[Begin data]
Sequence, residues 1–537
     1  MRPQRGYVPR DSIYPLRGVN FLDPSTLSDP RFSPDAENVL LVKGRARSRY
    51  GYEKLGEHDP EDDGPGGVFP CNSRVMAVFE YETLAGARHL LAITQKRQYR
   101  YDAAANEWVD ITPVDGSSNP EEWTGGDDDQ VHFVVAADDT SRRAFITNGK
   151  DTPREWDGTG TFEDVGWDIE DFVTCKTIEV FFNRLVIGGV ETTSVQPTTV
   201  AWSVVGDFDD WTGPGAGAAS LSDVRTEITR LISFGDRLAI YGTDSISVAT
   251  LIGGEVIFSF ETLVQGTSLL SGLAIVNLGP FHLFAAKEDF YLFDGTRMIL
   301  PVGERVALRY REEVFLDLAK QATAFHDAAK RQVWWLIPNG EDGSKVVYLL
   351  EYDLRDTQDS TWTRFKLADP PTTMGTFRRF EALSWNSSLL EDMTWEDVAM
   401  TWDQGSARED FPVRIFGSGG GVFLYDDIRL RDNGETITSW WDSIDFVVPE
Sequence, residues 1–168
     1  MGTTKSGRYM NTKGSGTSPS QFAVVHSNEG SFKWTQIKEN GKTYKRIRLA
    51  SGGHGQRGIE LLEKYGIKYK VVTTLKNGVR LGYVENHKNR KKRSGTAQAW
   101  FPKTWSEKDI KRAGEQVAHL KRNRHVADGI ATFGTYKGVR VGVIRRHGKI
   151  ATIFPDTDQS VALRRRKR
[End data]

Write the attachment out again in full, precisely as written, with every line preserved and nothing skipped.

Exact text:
Sequence, residues 1–537
     1  MRPQRGYVPR DSIYPLRGVN FLDPSTLSDP RFSPDAENVL LVKGRARSRY
    51  GYEKLGEHDP EDDGPGGVFP CNSRVMAVFE YETLAGARHL LAITQKRQYR
   101  YDAAANEWVD ITPVDGSSNP EEWTGGDDDQ VHFVVAADDT SRRAFITNGK
   151  DTPREWDGTG TFEDVGWDIE DFVTCKTIEV FFNRLVIGGV ETTSVQPTTV
   201  AWSVVGDFDD WTGPGAGAAS LSDVRTEITR LISFGDRLAI YGTDSISVAT
   251  LIGGEVIFSF ETLVQGTSLL SGLAIVNLGP FHLFAAKEDF YLFDGTRMIL
   301  PVGERVALRY REEVFLDLAK QATAFHDAAK RQVWWLIPNG EDGSKVVYLL
   351  EYDLRDTQDS TWTRFKLADP PTTMGTFRRF EALSWNSSLL EDMTWEDVAM
   401  TWDQGSARED FPVRIFGSGG GVFLYDDIRL RDNGETITSW WDSIDFVVPE
Sequence, residues 1–168
     1  MGTTKSGRYM NTKGSGTSPS QFAVVHSNEG SFKWTQIKEN GKTYKRIRLA
    51  SGGHGQRGIE LLEKYGIKYK VVTTLKNGVR LGYVENHKNR KKRSGTAQAW
   101  FPKTWSEKDI KRAGEQVAHL KRNRHVADGI ATFGTYKGVR VGVIRRHGKI
   151  ATIFPDTDQS VALRRRKR